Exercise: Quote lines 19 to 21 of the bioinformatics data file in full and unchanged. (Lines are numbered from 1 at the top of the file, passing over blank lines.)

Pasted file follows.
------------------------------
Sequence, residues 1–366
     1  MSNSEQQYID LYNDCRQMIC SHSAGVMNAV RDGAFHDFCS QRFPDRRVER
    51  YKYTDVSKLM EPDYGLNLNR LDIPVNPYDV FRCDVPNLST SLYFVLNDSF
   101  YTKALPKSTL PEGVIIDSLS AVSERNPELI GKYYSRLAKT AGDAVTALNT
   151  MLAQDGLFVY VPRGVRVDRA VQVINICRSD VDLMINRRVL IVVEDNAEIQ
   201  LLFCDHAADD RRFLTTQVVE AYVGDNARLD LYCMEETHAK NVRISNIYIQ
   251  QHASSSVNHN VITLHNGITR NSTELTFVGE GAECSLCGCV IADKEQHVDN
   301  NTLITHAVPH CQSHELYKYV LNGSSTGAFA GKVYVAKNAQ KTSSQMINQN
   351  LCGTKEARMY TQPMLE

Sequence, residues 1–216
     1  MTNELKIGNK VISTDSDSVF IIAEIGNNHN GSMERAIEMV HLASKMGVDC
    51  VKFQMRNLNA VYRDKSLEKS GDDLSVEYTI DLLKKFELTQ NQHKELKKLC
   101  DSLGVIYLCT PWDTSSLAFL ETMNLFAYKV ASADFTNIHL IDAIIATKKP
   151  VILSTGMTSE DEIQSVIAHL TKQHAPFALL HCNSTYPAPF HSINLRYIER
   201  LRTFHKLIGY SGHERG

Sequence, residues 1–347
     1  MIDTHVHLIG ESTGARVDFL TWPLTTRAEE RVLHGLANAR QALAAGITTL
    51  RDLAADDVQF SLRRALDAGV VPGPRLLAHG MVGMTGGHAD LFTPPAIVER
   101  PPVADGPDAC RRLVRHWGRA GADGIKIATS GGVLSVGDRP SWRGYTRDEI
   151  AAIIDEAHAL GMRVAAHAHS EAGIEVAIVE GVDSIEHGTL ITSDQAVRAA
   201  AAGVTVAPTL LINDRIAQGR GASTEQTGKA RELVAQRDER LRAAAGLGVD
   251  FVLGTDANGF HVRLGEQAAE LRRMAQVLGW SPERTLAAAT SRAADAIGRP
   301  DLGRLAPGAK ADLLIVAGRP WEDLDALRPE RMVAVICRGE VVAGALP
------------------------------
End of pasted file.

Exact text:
   101  PPVADGPDAC RRLVRHWGRA GADGIKIATS GGVLSVGDRP SWRGYTRDEI
   151  AAIIDEAHAL GMRVAAHAHS EAGIEVAIVE GVDSIEHGTL ITSDQAVRAA
   201  AAGVTVAPTL LINDRIAQGR GASTEQTGKA RELVAQRDER LRAAAGLGVD